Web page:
An Introduction to Terms & Ideas

At times, change can be daunting.  There may be unfamiliar terms and ideas you’re introduced to during your journey to improvement. We want to take the mystery out of the mental health lingo. This guide aims to help you understand the root of popular ideas and mental health vocabulary.

Introduction terms :

These are terms that apply to physical and mental health. You may be familiar with these in your doctor’s office, but what do they mean when referring to your emotional state?

Symptom: A symptom is a change in thought or behavior which deviates from a healthy state. For example: a symptom of diabetes could be excessive thirst. A symptom of depression could be lack of interest in things that used to bring you joy. Mental health symptoms can be “positive” or “negative” – but these words aren’t used in the traditional sense. We’ll go more in depth on this topic in a later post.

Diagnosis: A diagnosis is the determined cause of a disease or condition. You may visit your doctor after a week of sneezing, congestion, and fever. During that visit your physician may listen to your list of symptoms, look for other signs, and use their medical knowledge to determine that your diagnosis is influenza. This isn’t very different in the mental health world except your symptoms and signs may be less overt. Your mental health professional may use different screening tools, ask questions, and background information to help determine what is ailing you. Common mental health diagnoses are depression, anxiety, and bipolar disorder to name a few. Receiving an accurate diagnosis can be the first step towards creating a game plan to control symptoms and begin healing.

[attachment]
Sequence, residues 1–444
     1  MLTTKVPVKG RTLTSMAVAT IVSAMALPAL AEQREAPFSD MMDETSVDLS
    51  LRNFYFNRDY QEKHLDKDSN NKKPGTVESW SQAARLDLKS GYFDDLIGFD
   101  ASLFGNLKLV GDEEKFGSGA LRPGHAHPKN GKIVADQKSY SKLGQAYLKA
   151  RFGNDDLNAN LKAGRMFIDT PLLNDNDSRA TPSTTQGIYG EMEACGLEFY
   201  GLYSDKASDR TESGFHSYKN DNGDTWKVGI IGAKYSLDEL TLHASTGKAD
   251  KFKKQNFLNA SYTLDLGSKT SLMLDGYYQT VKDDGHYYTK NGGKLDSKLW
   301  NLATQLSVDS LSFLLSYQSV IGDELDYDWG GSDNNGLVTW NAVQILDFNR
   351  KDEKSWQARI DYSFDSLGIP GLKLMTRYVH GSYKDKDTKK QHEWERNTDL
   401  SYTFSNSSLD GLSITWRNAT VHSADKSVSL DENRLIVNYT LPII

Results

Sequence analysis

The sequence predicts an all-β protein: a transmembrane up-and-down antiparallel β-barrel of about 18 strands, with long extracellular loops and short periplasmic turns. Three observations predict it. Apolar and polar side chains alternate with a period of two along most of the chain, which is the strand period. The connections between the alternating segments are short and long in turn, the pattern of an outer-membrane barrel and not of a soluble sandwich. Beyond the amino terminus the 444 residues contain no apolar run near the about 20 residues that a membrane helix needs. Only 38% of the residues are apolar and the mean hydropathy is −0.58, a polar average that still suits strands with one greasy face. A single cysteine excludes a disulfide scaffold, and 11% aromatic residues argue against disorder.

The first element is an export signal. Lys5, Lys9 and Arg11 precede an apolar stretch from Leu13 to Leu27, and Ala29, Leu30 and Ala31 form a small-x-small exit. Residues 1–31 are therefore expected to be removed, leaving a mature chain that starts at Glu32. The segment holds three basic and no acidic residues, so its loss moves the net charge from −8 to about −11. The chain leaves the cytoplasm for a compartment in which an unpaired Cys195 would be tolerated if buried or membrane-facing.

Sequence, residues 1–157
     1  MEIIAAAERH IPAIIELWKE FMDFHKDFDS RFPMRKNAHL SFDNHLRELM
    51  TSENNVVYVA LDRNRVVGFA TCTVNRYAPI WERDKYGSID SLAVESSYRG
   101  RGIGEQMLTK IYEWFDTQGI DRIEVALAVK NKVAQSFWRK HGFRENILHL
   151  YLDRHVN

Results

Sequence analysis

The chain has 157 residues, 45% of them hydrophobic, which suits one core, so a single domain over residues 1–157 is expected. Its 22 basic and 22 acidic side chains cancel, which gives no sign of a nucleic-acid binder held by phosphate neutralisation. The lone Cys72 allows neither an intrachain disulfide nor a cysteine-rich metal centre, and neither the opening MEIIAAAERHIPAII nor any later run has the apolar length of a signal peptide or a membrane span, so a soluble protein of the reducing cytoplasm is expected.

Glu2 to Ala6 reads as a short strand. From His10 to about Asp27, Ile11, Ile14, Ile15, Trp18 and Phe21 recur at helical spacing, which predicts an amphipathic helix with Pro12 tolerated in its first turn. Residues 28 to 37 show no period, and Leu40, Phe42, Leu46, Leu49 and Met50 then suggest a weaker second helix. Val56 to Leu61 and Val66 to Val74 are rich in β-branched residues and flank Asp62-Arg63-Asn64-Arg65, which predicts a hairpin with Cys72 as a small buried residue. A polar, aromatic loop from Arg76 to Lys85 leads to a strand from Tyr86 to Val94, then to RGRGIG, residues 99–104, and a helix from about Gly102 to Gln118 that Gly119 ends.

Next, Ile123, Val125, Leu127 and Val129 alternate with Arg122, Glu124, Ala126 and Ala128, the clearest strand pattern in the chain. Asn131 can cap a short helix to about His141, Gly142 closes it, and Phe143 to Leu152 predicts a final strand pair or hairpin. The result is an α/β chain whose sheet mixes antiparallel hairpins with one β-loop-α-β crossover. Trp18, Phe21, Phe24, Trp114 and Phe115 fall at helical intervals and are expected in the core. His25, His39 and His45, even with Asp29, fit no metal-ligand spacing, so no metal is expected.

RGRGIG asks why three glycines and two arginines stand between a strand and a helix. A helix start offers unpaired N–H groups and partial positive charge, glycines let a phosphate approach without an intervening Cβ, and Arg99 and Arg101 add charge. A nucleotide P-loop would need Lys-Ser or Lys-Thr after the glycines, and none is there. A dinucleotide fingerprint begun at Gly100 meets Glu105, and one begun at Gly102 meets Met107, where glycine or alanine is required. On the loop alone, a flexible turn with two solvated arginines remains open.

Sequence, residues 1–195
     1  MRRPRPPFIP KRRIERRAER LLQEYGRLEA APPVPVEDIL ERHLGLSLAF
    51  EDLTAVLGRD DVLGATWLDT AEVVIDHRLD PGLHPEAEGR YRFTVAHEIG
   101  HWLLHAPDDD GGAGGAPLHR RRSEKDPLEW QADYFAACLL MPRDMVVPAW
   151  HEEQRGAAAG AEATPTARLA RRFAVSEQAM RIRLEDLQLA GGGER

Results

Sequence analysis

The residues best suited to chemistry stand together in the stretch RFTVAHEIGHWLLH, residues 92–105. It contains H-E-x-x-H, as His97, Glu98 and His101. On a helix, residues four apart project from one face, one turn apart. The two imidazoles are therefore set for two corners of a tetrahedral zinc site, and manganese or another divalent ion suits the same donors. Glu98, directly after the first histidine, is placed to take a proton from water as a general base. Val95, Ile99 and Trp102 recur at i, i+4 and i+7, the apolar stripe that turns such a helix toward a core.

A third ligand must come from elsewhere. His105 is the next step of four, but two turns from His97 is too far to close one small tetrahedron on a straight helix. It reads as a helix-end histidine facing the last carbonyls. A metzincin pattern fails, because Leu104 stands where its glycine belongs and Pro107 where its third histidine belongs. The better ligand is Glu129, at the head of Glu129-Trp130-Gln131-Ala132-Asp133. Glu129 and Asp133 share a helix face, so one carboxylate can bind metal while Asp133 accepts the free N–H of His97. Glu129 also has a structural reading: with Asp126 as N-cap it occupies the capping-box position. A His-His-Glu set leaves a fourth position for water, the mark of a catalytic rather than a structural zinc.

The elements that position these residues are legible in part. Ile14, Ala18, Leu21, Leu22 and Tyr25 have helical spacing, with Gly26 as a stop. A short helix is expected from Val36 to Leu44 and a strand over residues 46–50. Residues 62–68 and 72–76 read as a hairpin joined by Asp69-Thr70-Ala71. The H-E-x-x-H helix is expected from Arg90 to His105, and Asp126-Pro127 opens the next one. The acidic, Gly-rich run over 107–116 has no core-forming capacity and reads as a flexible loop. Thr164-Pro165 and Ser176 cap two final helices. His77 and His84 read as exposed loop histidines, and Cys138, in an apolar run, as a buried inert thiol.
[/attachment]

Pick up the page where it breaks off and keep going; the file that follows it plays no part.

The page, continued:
Treatment: Your treatment is what helps you feel better! Once you have your diagnosis, there are different treatments that work for different disorders or conditions. In the world of physical medicine – treatment can range from cough syrup to surgery depending on the disease and its severity. The same is true for mental health disorders. Different treatments can be combined to fully work through whatever is ailing you. For example – if you are overcoming severe anxiety – part of your treatment may be cognitive behavioral therapy to uncover the roots of your fears. This may be coupled with exposure therapy to desensitize you slowly to different uncomfortable situations. In addition you may also be prescribed medication to reduce symptoms too. These are all treatments that work very well together for anxiety.

Identifying problems:

Giving your beast a name can remove the power and isolation surrounding what’s ailing you. Let’s go through the basics of:

Depression: It’s important to note that feelings of sadness are a normal part of life. It’s healthy to feel a range of emotions from joy, grief, sadness, excitement, anticipation and so on. However, depression is an amplified sadness that can overshadow all the enjoyable parts of life. Depression can be caused by genetic, environmental, and chemical elements.

Grief: Grief is the natural process of letting go of a loved one or cherished situation. Kübler-Ross outlines the 5 stages of grief: denial, anger, bargaining, depression and acceptance. However, this isn’t a linear path –  many people go through the steps multiple times and in different orders during their grieving process. When grieving warps into addiction, major depression, or other mental health disorders – you should reach out and talk to a friend, family member, or mental health professional.

Anxiety: Nervousness. Jitters. Butterflies. Again, a normal part of life when facing the unexpected. However, for some, anxiety can be crippling and prevent them from enjoying everyday life. When anxiety spirals into panic attacks or keeps you housebound it may be time to talk to someone to help you manage symptoms.